The Yellowstone Act of 1872 created the world’s first national park. It withdrew more than 2 million acres from sale, settlement, or occupation to be “dedicated and set apart as a public park or pleasuring-ground for the benefit and enjoyment of the people.” Unlike Yosemite, the bill put Yellowstone under federal control because ceding it to either Montana or Wyoming as newly minted states would have likely prompted a high-noon-style duel. The legislation placed the park under the control of the Secretary of the Interior to “provide for the preservation, from injury or spoliation, of all timber, mineral deposits, natural curiosities, or wonders within said park, and their retention in their natural condition.”
—Hansen, Heather (2015-10-20). Prophets and Moguls, Rangers and Rogues, Bison and Bears: 100 Years of the National Park Service (Kindle Locations 389-392). Mountaineers Books. Kindle Edition.
From trapper Daniel Potts’s letters to his brother, the Gazette of the United States & Daily Advertiser (Philadelphia) printed, “The Yellow Stone has a large fresh water lake near its head on the very top of the mountain, which is . . . as clear as crystal. On the south border of this lake is a number of hot and boiling springs. One of our men visited one of these whilst taking his recreation— there at an instant the earth began a tremendous trembling, and he with difficulty made his escape, when an explosion took place resembling that of thunder.”
It didn’t take long for official talk of preserving Yellowstone to echo in the halls of Congress. Senator Samuel Pomeroy, a Republican from Kansas, got the ball rolling on an otherwise ordinary Monday in December 1871 when he addressed his colleagues, saying, “I ask leave to introduce a bill to set apart a certain tract of land lying near the headwaters of the Yellowstone as a public park. It has been ascertained within the last year or two that there are very valuable reservations at the headwaters of the Yellowstone, and it is thought they ought to be set apart for public purposes rather than to have private preemption or homestead claims attached to them.” The big idea was known simply as Senate Bill 392.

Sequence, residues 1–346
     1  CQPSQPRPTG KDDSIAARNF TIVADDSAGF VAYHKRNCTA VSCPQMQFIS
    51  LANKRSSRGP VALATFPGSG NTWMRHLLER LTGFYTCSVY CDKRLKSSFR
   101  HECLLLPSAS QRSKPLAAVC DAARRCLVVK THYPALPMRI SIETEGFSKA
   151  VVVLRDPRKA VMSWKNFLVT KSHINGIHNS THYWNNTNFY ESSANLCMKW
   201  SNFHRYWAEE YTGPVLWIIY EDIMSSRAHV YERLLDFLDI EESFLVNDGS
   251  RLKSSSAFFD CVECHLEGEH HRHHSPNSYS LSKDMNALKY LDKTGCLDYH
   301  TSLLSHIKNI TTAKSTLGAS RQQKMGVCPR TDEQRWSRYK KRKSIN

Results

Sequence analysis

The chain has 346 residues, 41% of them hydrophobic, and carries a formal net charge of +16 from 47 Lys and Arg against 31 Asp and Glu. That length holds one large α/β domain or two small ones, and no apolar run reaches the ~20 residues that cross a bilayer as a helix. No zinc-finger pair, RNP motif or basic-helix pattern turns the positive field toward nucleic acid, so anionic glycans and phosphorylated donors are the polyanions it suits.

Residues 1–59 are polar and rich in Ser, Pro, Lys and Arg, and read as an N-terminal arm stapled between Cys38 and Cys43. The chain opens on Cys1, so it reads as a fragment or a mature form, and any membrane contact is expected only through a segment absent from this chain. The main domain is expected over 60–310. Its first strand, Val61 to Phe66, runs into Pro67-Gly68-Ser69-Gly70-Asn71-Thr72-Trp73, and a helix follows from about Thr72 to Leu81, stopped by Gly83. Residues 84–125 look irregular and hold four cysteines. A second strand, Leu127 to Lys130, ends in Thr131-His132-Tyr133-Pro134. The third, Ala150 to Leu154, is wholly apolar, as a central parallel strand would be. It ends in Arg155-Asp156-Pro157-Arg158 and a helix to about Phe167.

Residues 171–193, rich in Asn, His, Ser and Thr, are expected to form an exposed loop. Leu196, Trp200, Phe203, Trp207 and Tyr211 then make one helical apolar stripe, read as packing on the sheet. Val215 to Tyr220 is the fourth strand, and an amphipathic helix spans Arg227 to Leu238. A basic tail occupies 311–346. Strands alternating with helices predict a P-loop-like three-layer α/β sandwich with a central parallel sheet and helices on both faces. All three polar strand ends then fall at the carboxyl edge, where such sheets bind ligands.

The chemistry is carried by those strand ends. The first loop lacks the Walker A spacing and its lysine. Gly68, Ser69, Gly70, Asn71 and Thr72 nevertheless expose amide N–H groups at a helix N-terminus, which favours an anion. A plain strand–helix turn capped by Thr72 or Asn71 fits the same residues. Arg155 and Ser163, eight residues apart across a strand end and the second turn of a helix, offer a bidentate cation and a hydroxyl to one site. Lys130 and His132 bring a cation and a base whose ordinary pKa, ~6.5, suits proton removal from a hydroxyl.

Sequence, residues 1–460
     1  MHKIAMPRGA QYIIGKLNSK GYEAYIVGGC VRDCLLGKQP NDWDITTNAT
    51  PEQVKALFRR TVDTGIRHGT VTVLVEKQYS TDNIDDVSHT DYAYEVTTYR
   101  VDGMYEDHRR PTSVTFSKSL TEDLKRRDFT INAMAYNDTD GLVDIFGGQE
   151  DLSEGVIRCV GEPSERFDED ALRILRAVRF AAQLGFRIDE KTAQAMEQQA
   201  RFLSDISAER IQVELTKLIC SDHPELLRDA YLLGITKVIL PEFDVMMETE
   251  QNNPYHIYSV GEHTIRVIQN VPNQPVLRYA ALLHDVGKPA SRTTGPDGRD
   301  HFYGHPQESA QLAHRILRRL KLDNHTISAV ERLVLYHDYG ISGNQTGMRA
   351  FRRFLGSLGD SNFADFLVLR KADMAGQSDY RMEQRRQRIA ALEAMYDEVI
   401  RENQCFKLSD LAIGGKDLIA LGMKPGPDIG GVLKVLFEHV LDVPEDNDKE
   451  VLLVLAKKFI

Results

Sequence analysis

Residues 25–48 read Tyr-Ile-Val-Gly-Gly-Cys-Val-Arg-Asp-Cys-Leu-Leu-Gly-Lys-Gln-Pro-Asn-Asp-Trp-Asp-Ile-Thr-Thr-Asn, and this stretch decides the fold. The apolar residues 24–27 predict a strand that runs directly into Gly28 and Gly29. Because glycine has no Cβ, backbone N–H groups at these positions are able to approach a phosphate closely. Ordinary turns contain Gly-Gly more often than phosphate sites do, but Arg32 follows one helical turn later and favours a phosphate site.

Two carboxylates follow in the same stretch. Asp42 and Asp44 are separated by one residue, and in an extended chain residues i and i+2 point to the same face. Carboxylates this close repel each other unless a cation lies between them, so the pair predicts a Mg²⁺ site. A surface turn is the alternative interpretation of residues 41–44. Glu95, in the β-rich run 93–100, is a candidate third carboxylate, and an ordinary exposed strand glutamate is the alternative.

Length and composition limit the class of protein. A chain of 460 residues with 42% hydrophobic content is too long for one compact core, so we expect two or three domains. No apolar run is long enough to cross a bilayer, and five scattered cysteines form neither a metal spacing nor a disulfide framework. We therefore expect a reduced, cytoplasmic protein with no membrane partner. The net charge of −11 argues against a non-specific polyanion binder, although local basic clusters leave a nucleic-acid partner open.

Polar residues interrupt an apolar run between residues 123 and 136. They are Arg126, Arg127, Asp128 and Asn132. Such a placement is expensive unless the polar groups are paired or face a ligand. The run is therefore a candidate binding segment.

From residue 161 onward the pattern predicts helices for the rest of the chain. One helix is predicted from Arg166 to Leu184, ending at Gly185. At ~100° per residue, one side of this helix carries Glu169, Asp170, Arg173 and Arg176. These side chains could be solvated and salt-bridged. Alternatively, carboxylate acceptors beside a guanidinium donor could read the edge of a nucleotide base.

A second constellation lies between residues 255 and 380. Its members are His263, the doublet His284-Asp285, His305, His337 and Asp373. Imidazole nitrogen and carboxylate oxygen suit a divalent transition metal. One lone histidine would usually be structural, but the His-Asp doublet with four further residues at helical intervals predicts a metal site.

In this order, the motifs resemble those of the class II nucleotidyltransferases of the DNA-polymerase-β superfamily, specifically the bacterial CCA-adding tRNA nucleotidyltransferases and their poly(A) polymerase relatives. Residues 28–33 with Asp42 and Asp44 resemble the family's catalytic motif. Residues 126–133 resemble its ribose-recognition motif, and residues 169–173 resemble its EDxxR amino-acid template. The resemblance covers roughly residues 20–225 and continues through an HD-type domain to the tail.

–Hansen, Heather (2015-10-20). Prophets and Moguls, Rangers and Rogues, Bison and Bears: 100 Years of the National Park Service (Kindle Locations 377-381). Mountaineers Books. Kindle Edition.
Things I learned in Iceland :
- Iceland is the most sparsely populated country in the world with only 332,000 residents and over 40,000 mi.²
- Even though its name implies the whole island is covered in ice, the Gulfstream actually provides a temperate climate. The climate in Iceland is much like the climate on the Alaskan peninsula even though Alaska is much closer to the equator.
- The country runs almost entirely on renewable energy.
- The United Nations lists Iceland as the 13th most developed country in the world.
- Thank goodness for tourism to help recover Iceland after it’s 2008 financial problems.
- Iceland is actually below the Arctic Circle.
- Every time you turn a corner in Iceland you either see a volcano, a waterfall, a river, a lake, or icebergs.
- The Golden Circle is not the circle we drove around the entire island, but instead a much smaller circle quite close to the city of Reykjavík.
- If you do happen to drive all the way to the eastern side of Iceland, there is a wonderful spot to see puffin as shown in my photos.
- I had to look this up, but the really long name of the volcano that erupted in 2010 and disrupted flights all over Europe is… Eyjafjallajökull.
- The warmest temperature ever recorded is 86.9°F in the coolest is -36.4°F. Don’t bother packing a bathing suit unless you plan on bathing in hot springs.
Flores Guatemala is a small island village on Lake Petén in the northern Petén region of thr country. We stayed there on our way back from Tikal. while I wouldn’t have set out to go there without a trip to Tikal, it is a cute little town with colorful buildings and great sunsets. The streets are charming and there are pretty sunsets. We had a great view of Flores from the airplane on our trip from Belize City.